100 Things Challenge (#2):: The Origins of Fiction: Character vs. Plot
We're taught from a young age to think of stories as a string of events that happen to characters. Even when I look up story in my trusty Webster's New World Dictionary that has been my companion since the third grade, it defines the word as "the telling of an event or events; account; narration." The human element is utterly absent. When I ask a student to summarize a story, I don't expect him to wax eloquent on characterization, theme, or language choice; I expect him to tell me what happened first, next, et cetera. When my students invent their own stories, I give them a plot pyramid as a graphic organizer to get them started, not a character map. In fact, if I were to ask most of you to outline a story you're thinking about but haven't started writing, where would you start? Probably with a list of events, in chronological order, perhaps in outline form to more easily accommodate subplots. We tend to think of the plot as the main structure of the story; the skeleton, if you will. Characterization is something that is added onto that as a writer gains experience: the flesh upon the bones but not sturdy enough to sustain the entirety on its own.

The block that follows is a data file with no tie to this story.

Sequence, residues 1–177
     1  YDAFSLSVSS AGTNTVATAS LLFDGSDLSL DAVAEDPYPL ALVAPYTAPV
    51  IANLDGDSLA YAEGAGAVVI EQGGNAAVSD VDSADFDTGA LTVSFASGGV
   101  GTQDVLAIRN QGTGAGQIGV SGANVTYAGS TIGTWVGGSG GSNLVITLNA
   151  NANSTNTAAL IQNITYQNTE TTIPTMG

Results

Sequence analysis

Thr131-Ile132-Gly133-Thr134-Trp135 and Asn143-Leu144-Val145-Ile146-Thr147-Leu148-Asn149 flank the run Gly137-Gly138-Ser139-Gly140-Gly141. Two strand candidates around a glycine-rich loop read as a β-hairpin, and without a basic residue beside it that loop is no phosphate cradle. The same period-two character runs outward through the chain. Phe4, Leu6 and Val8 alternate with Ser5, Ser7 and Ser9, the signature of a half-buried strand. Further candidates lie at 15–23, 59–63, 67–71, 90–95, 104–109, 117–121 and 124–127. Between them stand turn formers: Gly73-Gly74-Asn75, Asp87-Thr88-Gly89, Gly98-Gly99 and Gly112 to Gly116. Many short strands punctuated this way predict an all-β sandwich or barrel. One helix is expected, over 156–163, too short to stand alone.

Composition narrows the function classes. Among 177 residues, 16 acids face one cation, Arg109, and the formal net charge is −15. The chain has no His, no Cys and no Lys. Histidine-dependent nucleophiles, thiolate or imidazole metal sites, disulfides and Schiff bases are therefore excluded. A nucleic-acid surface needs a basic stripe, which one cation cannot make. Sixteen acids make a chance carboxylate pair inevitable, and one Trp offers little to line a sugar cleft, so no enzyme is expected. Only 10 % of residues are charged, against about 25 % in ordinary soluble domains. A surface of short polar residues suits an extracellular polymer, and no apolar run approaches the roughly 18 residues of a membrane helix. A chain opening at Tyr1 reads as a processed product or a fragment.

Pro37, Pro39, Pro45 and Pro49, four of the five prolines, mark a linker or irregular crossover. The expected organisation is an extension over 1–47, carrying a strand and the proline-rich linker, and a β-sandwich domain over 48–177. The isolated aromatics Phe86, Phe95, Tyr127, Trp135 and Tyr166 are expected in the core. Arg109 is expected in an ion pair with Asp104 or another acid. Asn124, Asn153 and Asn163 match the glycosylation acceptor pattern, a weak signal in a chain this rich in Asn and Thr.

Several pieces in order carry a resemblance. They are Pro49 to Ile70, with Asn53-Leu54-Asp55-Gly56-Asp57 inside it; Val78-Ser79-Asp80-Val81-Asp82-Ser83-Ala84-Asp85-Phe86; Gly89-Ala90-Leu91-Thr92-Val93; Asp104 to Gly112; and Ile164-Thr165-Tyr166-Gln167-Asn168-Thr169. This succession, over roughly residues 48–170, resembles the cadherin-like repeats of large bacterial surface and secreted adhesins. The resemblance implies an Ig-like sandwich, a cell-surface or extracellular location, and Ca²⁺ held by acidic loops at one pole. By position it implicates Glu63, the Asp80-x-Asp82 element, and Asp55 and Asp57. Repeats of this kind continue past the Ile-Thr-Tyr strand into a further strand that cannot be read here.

Starting from plot, therefore, character choices serve the events in the story. Item IV on my outline tells me that I need a villain, so I create a villain. That doesn't mean that he must be one-dimensional or a flat character, but he is conceived in fulfillment of a particular role in the story, so it is likely that his primary characteristics will let him fit neatly into that role. Anything that I do for him, as far as characterization, beyond that role is really extra.
But I would argue that this isn't the only way to write. First of all, I want to be clear that I'm not envisioning a neat dichotomy whereby one is Plot Writer or one is a Character Writer. I believe that most of us occupy a gray area between those two extremes. Even AMC--one of my most character-driven stories--was constructed around the idea of moving toward events in the plot of The Silmarillion, even if those events don't happen in AMC itself. So the characters were, naturally, shaped somewhat by them and my knowledge of how those characters would have to behave in the future. Second of all, even though I practice a particular type of writing, I in no way believe it to be the better or superior way to write. I'm just describing what works for me.
I start with people rather than plot. This is, after all, how it happens in real life. You start a new job, and your coworker has particular traits: The plot evolves in one way. You start a new job, and your coworker has totally different traits: Now the plot is completely different. Plot comes largely from human interaction or reaction; even something beyond human control, like a natural disaster, is understood in terms of human reaction to it. A story about the drowning of Númenor that lacks any human element would be simply a description of a big wave inundating an island; it wouldn't be very interesting to read as a piece of fiction, no matter how lovely the language. It is the addition of human emotions and reactions that make the story interesting.